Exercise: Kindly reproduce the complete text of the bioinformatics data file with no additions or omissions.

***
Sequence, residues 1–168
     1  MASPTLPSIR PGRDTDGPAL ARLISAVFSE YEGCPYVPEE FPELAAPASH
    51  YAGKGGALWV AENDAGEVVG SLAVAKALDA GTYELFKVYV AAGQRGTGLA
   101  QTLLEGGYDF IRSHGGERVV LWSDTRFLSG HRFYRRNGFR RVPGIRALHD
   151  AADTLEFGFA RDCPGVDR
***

Sequence, residues 1–168
     1  MASPTLPSIR PGRDTDGPAL ARLISAVFSE YEGCPYVPEE FPELAAPASH
    51  YAGKGGALWV AENDAGEVVG SLAVAKALDA GTYELFKVYV AAGQRGTGLA
   101  QTLLEGGYDF IRSHGGERVV LWSDTRFLSG HRFYRRNGFR RVPGIRALHD
   151  AADTLEFGFA RDCPGVDR